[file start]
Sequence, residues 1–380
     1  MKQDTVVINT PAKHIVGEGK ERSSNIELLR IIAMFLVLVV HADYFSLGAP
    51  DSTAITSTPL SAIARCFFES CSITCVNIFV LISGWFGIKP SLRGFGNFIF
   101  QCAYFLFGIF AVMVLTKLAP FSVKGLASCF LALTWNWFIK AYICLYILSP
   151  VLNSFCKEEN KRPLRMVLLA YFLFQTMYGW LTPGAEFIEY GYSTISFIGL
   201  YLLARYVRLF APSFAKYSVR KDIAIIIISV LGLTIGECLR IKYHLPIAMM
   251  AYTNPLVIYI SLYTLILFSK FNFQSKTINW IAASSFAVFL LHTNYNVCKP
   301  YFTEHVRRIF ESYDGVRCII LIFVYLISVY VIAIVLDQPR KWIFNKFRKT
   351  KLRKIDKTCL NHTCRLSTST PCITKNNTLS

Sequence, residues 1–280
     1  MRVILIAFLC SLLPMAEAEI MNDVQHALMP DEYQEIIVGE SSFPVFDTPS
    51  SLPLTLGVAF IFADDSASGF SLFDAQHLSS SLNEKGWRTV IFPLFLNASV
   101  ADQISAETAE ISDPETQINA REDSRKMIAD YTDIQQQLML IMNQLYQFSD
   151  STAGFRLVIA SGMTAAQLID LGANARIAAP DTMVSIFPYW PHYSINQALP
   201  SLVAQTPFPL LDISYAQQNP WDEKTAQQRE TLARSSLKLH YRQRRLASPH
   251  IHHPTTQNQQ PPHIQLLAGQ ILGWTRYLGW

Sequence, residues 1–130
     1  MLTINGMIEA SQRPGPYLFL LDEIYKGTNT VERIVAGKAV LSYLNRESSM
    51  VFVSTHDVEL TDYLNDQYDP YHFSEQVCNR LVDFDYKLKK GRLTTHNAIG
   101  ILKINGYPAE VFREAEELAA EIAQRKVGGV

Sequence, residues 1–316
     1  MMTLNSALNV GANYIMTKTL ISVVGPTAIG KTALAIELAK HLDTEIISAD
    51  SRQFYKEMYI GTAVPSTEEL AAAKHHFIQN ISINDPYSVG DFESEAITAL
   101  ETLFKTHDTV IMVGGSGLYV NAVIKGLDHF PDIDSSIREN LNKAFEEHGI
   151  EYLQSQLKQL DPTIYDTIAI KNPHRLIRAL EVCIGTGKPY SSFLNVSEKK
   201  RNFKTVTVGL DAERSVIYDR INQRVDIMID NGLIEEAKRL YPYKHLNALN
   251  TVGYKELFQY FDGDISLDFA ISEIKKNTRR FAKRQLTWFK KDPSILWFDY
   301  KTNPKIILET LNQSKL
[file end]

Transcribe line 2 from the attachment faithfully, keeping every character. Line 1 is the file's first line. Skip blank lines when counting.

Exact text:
     1  MKQDTVVINT PAKHIVGEGK ERSSNIELLR IIAMFLVLVV HADYFSLGAP